Here is an amusing exercise that is suitable for a course on basic algebraic number theory: let p be a prime number. Consider integral solutions (a,f) to
with a and f positive. The claim is that, if p is congruent to one mod 3, there are three distinct solutions (a,f), (b,g), (c,h), and if they are ordered
then we have
For example, in the case p=541, we find a=17, b=29, c=46:
The pedagogic value of the exercise is that while it looks like something that one could prove by a simple brute force computation, this is not so easy to do, while it becomes elementary knowing the basic facts about factorizations of primes in quadratic fields (and units of imaginary quadratic fields, in this case Q(√-3).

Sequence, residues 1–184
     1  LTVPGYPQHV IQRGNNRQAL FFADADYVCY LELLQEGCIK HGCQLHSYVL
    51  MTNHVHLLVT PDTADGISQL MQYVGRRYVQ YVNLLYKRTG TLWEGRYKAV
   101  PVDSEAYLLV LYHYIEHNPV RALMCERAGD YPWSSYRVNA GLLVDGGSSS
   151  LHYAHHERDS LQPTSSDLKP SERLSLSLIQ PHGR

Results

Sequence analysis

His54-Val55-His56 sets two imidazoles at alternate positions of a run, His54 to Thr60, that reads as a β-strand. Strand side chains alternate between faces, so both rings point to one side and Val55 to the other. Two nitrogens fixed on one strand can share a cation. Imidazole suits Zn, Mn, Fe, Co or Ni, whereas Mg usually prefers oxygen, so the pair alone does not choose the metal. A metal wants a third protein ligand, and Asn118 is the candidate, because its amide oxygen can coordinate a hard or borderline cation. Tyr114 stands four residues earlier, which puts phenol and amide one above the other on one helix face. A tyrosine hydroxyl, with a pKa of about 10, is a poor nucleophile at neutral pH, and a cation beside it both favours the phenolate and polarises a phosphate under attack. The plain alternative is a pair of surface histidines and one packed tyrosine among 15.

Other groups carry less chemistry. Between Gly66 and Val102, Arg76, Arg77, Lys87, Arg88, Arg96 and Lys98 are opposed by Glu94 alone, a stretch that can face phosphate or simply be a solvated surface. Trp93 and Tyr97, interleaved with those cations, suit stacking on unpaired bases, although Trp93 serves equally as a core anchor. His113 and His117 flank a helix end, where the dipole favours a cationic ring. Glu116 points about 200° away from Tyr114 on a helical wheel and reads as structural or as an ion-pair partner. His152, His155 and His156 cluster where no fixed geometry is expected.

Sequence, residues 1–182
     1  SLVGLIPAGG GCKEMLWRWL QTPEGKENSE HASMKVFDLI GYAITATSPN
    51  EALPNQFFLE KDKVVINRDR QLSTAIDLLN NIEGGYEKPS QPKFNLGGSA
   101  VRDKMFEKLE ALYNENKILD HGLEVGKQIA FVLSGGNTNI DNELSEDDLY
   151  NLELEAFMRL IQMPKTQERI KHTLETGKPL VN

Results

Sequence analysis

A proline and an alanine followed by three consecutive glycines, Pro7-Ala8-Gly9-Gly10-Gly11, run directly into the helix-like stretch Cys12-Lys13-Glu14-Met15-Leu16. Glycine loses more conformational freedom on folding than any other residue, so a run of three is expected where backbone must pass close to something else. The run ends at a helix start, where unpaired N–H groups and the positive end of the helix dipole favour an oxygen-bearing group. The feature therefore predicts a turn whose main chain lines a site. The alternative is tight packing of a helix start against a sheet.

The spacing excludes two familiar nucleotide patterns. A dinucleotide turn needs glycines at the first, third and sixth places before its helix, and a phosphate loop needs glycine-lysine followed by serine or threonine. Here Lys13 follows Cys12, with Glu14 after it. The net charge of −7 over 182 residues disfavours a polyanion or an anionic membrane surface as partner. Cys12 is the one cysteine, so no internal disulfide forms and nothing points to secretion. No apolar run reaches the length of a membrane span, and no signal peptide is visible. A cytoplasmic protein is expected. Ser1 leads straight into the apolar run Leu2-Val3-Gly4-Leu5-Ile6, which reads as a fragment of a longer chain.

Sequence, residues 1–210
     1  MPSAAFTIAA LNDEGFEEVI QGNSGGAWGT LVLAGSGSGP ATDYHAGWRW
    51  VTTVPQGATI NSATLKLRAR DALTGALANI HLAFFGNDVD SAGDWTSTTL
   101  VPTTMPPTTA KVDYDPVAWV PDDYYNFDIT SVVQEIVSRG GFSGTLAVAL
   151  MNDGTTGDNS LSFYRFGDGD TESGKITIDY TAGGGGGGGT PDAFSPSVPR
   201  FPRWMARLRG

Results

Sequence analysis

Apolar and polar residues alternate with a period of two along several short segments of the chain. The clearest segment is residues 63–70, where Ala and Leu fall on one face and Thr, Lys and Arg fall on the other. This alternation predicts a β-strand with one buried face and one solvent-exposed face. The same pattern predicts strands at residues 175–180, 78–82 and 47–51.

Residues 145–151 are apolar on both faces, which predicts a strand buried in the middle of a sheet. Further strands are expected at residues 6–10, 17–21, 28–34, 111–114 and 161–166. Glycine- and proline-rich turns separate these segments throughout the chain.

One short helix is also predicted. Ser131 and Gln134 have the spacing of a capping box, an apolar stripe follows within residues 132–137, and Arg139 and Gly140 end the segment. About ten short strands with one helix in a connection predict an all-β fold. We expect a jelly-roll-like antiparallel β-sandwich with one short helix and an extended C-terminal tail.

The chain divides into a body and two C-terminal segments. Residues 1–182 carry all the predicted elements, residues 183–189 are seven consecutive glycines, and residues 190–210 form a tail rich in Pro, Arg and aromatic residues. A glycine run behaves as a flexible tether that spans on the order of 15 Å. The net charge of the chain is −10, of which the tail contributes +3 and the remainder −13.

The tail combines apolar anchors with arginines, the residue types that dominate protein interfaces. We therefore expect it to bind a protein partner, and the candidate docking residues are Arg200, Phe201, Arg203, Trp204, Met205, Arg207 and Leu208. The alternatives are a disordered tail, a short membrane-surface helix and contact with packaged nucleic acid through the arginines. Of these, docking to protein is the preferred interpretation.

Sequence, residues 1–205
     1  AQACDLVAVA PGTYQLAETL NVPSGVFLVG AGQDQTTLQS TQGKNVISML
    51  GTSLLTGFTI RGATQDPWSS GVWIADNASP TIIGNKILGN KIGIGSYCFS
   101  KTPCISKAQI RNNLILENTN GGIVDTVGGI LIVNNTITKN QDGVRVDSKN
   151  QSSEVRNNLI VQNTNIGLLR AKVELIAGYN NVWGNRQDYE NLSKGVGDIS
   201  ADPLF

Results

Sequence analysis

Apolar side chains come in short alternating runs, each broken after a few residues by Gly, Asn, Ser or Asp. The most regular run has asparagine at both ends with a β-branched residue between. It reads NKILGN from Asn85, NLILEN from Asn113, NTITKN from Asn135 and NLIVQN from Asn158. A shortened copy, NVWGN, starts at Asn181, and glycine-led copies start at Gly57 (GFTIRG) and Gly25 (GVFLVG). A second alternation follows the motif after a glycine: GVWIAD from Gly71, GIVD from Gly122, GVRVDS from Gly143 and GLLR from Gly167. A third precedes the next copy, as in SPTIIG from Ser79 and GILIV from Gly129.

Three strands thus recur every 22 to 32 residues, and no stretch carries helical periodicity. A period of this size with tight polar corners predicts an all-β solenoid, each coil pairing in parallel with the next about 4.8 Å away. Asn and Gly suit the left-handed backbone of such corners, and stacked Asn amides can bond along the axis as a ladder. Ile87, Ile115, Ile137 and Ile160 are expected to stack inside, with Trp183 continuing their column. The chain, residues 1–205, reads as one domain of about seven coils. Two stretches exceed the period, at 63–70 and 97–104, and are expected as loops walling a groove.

Indeed, the equation means that p is the norm of the integral ideal generated by
It is known that only primes congruent to 1 modulo 3 are norms in this field, hence the first condition on p. Then, it is known that the ideal above is unique up to conjugation. So the only possible extra solutions, given one of them, are obtained by multiplying by a unit of the field, and isolating the “coefficient of 1”, or in other words taking the trace to Q. Since the units are
simply multiplying shows there are three positive solutions:
Depending on the sign of a-3f, the conclusion follows by considering two cases.
[This minor property of quadratic fields was motivated by the question of finding interesting examples of relations between the zeros of zeta functions of algebraic curves over finite fields; for quite a bit more about this – both results of independence and examples of relations -, see my preprint on the subject, in particular Section 6 for the examples.]